Food Poisoning refers to illness that results from eating contaminated or spoilt food. It is a common occurrence as almost everyone will have food poisoning at least once in their lifetime. Most cases resolve without treatment while some may require treatment, including the need for hospital admission.
What are the symptoms of food poisoning?
Symptoms experienced by different people who have food poisoning may vary, depending on the sources of the infection. They may include:
- Abdominal pain
- Loss of appetite
- Generalised body weakness
- Scanty / bloody urine
What causes food poisoning?
The common microorganisms implicated in food poisoning are:
- Bacteria – This is the most common cause of food poisoning, with Escherichia coli and Salmonella being most dangerous.
- Parasites – These are not as common as bacteria. Their symptoms are more subtle, as they may live inside the intestine undetected for years. Toxoplasmosis is the most dangerous of the food poisoning attributed to parasites which may result in death.
- Viruses – These are also not as common as bacteria causes of food poisoning. These include hepatitis A which affects the liver. Their effects are usually mild and usually self-limiting
These organisms contaminate food items regularly. They are however destroyed by heat when food is well cooked. They easily cause problem when food is eaten raw without undergoing cooking process or when poorly cooked. Sometimes, even cooked food gets contaminated after being served, especially when the server has poor hygiene practices. The organisms can also contaminate drinking water.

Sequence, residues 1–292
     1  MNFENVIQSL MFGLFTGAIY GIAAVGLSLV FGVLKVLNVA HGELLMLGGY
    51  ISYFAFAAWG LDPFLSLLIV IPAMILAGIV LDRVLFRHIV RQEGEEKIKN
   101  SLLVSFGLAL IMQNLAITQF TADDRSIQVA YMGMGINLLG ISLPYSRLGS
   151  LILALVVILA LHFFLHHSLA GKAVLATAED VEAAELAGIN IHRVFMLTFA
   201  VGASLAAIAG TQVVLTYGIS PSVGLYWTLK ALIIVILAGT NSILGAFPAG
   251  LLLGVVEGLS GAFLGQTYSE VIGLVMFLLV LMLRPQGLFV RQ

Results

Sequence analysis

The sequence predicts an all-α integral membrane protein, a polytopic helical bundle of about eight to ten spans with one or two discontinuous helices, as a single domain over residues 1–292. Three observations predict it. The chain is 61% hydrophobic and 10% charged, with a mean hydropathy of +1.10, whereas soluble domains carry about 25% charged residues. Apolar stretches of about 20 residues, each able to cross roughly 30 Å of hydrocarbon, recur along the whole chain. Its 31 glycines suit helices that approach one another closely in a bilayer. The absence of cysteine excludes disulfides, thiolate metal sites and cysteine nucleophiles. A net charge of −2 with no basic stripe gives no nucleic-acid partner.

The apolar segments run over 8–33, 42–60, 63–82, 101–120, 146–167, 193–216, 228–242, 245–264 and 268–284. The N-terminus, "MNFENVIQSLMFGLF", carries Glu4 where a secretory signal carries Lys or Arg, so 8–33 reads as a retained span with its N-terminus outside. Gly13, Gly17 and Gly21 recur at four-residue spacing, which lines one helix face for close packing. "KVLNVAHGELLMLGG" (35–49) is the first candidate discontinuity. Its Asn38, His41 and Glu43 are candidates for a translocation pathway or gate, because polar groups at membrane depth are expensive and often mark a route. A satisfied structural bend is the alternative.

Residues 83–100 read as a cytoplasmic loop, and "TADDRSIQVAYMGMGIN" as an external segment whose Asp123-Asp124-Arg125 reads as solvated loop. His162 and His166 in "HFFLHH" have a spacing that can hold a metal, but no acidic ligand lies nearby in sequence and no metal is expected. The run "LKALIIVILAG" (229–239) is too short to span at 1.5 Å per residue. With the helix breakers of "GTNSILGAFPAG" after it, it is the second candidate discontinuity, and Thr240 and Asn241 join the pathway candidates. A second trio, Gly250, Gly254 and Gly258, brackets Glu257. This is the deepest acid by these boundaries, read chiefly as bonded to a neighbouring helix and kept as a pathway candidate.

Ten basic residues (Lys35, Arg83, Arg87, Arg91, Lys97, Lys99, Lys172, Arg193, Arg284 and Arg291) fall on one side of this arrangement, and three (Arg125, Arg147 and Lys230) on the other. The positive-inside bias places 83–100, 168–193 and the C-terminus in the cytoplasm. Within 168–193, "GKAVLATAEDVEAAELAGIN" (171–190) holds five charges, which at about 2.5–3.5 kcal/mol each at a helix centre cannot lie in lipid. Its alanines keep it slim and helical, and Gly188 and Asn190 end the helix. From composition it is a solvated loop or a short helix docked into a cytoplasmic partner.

What are the risk factors for food poisoning?
Even though no one is immune to having food poisoning, certain people in the population are more at risk of having food poisoning than others. These include:
- Young children – Children under the age of five years may be at high risk because of their immature immune system. When affected, they rapidly lose water and electrolytes more than adults and are therefore more susceptible to dehydration and electrolyte imbalance.
- Elderly – People who are 65 years and above are also more vulnerable to food poisoning than others because of the slow response of their immune system to the infecting organisms at that age.
- Pregnant women – Pregnant women may be at higher risk of food poisoning than others because of some modification in immune system response to accommodate the growing baby and hormonal influence of pregnancy.
- Compromised immune system – Those with compromised immune system may be at a greater risk of food poisoning. These include patients with HIV/AIDS, autoimmune disease, those on prolonged steroid therapy etc.
What investigations are required for food poisoning?
In most cases, food poisoning may be diagnosed based on history and examination. When necessary, especially in severe cases, you may be required to carry out some of the following investigations:
- Blood tests – This may include: complete blood count, blood culture etc, which may be necessary to determine the severity of the condition and identify specific organisms causing the problem as well as the appropriate antibiotics to use.